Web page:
No organisation is immune to security breaches. That's the reality today as cyber-attacks increase in size, scope and sophistication.
Your security strategies can't just cover prevention because it's impossible to protect against 100% of threats, 100% of the time. How well you recover from an attack is just as important.
Threats are evolving at cyber-speed
As organisations deploy more sophisticated defences, criminals match them with more sophisticated cyber-attacks.
It's an arms race which has seen a general balance between attacker and defenders. However, the advent of Artificial Intelligence (AI) and Machine Learning (ML) has moved the goalposts.
Now there are automated attacks that learn from their setbacks, and recalibrate techniques accordingly. It's a far more powerful weapon in criminal arsenals.
More windows of opportunity
Business operations have also become more vulnerable, largely due to the rise of the distributed enterprise.
At one time, everything was safe inside the security perimeter covering offices and the data centre. But as organisations' footprints increased, perimeters stretched from the premises to multiple touch points. Now, critical assets are often outside corporate boundaries.
For example, most organisations have many locations and cloud environments. Their staff access corporate systems while mobile. Linked third parties like suppliers and partners expand the footprint even further.
What's more, new developments like edge computing will distribute data processing far and wide. And the Internet of Things (IoT) can connect an organisation to thousands of sensors.
Today, the endpoint and user have become the new defence perimeter, and they're most likely beyond your control.
Where cyber-resilience fits in
Cyber-resilience focuses on how ready you are for an attack, and how well you react and recover. It covers a range of activities, broadly grouped under prevention and response.
Prevention means identifying and assessing risks to your operations. It also includes monitoring and detecting suspicious behaviours to prevent attacks before they happen.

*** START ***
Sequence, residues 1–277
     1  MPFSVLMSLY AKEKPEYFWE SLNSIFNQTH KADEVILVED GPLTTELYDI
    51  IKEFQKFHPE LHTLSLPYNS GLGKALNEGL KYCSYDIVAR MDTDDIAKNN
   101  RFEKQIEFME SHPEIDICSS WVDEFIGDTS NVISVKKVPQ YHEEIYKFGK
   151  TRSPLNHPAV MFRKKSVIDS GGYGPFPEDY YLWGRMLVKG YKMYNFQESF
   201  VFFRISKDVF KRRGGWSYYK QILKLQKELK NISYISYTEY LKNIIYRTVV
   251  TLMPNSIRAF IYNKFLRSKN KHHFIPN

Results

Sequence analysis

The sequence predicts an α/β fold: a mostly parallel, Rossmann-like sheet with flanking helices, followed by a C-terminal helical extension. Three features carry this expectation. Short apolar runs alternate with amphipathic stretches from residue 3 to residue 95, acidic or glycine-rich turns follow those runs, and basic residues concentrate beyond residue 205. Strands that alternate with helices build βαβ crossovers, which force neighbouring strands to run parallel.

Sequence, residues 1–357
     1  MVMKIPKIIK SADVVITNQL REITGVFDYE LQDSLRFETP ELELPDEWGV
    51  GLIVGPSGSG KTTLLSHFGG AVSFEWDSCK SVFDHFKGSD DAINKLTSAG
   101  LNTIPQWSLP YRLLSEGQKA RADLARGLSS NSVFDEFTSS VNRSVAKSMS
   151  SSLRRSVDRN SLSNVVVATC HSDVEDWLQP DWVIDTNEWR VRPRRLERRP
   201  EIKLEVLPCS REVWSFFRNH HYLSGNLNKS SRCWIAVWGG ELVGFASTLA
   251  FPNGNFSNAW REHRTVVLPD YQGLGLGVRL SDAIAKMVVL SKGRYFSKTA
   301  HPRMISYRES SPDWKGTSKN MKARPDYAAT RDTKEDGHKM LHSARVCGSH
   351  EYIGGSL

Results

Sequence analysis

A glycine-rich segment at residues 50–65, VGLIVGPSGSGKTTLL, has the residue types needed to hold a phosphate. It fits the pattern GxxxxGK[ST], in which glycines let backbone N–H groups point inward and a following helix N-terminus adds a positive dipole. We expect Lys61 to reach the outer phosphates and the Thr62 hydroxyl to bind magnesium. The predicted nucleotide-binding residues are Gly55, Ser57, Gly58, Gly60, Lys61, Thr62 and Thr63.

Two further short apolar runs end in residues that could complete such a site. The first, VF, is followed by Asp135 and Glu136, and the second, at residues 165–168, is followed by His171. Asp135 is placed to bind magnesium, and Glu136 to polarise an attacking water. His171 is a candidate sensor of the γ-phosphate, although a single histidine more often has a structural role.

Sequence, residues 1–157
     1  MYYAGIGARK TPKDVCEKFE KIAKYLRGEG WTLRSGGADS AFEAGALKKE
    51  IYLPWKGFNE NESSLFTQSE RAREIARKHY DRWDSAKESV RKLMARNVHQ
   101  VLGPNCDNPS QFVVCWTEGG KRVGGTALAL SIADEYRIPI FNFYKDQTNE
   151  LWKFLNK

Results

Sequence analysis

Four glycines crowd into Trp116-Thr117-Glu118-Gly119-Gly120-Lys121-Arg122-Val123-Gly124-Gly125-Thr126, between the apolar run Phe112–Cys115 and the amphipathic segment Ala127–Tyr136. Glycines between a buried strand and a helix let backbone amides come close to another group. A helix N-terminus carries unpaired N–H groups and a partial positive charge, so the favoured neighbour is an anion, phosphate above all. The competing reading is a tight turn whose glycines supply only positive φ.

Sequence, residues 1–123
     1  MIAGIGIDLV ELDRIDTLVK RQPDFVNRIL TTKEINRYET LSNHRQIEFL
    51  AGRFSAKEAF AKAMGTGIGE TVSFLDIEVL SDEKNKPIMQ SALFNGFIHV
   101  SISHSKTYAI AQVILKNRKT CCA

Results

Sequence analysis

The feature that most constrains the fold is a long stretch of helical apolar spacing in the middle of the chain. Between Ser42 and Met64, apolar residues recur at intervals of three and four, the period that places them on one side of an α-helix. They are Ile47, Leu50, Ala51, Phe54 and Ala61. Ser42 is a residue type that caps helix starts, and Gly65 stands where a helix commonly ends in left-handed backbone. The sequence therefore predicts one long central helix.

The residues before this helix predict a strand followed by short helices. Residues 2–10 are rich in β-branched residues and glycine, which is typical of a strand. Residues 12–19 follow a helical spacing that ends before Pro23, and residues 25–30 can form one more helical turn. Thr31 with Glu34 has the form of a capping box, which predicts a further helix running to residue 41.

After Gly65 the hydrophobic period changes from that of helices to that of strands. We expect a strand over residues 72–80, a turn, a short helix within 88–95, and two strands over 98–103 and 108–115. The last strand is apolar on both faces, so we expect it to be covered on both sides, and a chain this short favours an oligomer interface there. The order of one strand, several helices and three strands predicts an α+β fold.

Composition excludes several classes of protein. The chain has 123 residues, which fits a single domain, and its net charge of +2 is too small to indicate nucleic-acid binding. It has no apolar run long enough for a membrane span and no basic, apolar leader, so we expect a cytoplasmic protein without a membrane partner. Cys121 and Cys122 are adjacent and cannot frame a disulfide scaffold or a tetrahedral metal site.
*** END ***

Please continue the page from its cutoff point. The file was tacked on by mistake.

Response covers the plans you have to recover quickly with minimal disruption and damage if a breach occurs.
Underpinning both is governance to ensure your resilience program is being maintained as part of normal business. Always lead with your normal business context; the relating cyber security policies and associated controls should serve that business context.
On the other hand, cyber-security deals with the processes and technologies to protect your networks, data, applications and users. However, cyber-resilience and cyber-security are flip sides of the same coin, and there's overlap between them. One thing is certain: both of them are more vital than ever.
Cyber-resilience begins with the basics
There are simple steps you can take right now to counter growing risks.
Begin with an incident response plan that covers your business objectives, priorities and tolerances. Then plot a path to where you want to go, and build on each element over time.
Impose fundamental security hygiene at the start. Make sure your systems are patched and that backup and recovery measures are in place. Your systems should also be scanned regularly.
Importantly, you need to maintain governance to ensure your plan is being followed. Test the plan regularly to understand the potential impacts of a breach so you can minimise fallout.
When it comes to the bigger picture, there are five key points to consider.
Good security practices can't be a part-time activity. They need to be constant and permeate the organisation. Employees need to understand risks, and so do managers all the way up to C-level. Security is a mindset that needs to be cultivated at every opportunity.
Assess your dependence on third parties
Chances are you're reliant on many third parties. Since you can't control them, you must factor their risk profile into your resilience plan. If your third party's security practices don't meet your standards, find another. Because you will pay for their mistakes.
Get technology on your side
AI and ML are as useful to security managers as they are to hackers. In fact, the sheer volume of security data makes it impossible to manage by humans. AI and ML can scan for patterns and flag suspicious activities in a fraction of the time to provide a timely heads-up.
It's essential to keep on top of the multitude of applications, access types and users in play today. A zero trust approach assumes there is no traditional network edge and that workers can be in any location. You need to authenticate at every step to make sure your users are who they say they are, and only have access to what they need.
Security by design
Design security into everything you can from the start - including your apps, processes, services, connectivity and more. You'll be more resilient, and you won't have to backtrack and remediate issues if they occur. Equally important, security that's built in can offer competitive advantage in productivity and reputation.
Perhaps the most important point of all is this: cyber-resilience is an enabler of business. Your business survival outcome will be dictated by your level of preparedness. It can be a differentiator and it doesn't have to cost the business that much, but it can cost you the business if you don't adopt it.